The Advocate has learned that the four participants in the province’s basic income pilot project are seeking $200 million in general damages. To that end, they have filed a multi-million class-action lawsuit against the Ford government over its early cancellation of the project.
The lawsuit, filed with the court in Lindsay, alleges the government breached its contract with the pilot project’s 4,000 participants in the communities of Lindsay, Thunder Bay and Hamilton. The plaintiffs also claim the government was negligent and breached its undertaking and common law duties in deciding to cancel the project only one year into its three-year term.Read more
It’s the end of the line for Ontario’s Basic Income Pilot (BIP), which was intended to improve the lives of those in poverty.
In April 2017, the previous Liberal government announced it was giving 4,000 people — half of them in the City of Kawartha Lakes — up to $33,000 per year to find work or better their education.
Under the program, single residents got just under $17,000 annually while couples received approximately $24,000. The BIP was rolled out in three Ontario cities.Read more
On day two of a peaceful protest in front of Minister of Labour Laurie Scott’s office in Lindsay, lawyer and social worker Mike Perry was informed they were not welcome to enter the constituency office. Neither, apparently, is media, as Scott’s staff members would not even let Pamela VanMeer of Kawartha411 in to ask a question about the protest.
Not even the postal carrier could get in because of the locked door and simply moved on with the day’s mail.Read more
Ontario's basic income pilot project was widely expected to last three years, and for participants who made financial commitments based on that, the program's early end next week is creating new financial stress.
The province's previous Liberal government launched the basic income pilot in 2017 to see if more money could change the lives of people with low incomes, choosing 4,000 people to receive payments in the Ontario communities of Lindsay, Thunder Bay, Brantford and Hamilton.
Pilot participant Dana Bowman, who will now go back to relying on the Ontario Disability Support Program after her last payment arrives on Monday, says she was "completely gutted" when Doug Ford's newly elected Progressive Conservative government announced last summer it would be cancelling the program.Read more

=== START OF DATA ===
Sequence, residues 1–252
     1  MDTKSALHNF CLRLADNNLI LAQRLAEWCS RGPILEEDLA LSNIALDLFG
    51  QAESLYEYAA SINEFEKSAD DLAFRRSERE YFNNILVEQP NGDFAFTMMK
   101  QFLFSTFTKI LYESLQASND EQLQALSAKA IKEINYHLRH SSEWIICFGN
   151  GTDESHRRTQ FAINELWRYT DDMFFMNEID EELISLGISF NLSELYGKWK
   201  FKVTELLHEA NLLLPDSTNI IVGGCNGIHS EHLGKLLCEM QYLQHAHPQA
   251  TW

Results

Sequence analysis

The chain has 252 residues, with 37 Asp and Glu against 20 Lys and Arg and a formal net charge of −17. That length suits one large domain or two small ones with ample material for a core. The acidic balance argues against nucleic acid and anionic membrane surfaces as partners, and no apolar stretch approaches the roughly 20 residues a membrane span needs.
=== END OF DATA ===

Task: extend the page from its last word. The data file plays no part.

Almost 37 years ago to the day, during the fiery aftermath of an early Margaret Thatcher budget, the prime minister was allegedly challenged to name just two economists who endorsed her agenda of cutting public spending in the midst of recession – a prescription that was otherwise sending waves through orthodox academic thinking. “Alan Walters, and Professor Patrick Minford,” she is said to have replied – before later remarking, “thank goodness they didn’t ask for three.”Read more
It may seem premature to debate the logistics of universal basic income(UBI), when the first hurdle is getting the public and policymakers on boardwith the concept. But policy can live or die in the details.
One thorny aspect is whether a basic income should target those of working age, all adults, or everyone. In the U.S., entrepreneur and Democratic presidential candidate Andrew Yang has chosen the all-adults approach. The cornerstone of his platform is a basic income, branded a “Freedom Dividend,” of $1,000 per month. This would be paid out to all U.S. citizens aged 18 and over, in the hopes of curbing poverty, allowing for creative and useful forms of unpaid labor to flourish, providing a safety net for those displaced by the automation of work, and even growing the economy.Read more
SURREY, B.C. — A panel of experts is looking at whether British Columbia could provide a basic income or if the federal government would have to initiate it, says the minister responsible for the province's poverty reduction plan.
Shane Simpson said Monday the aim of the strategy is to cut the overall poverty rate by 25 per cent and child poverty by 50 per cent within five years.Read more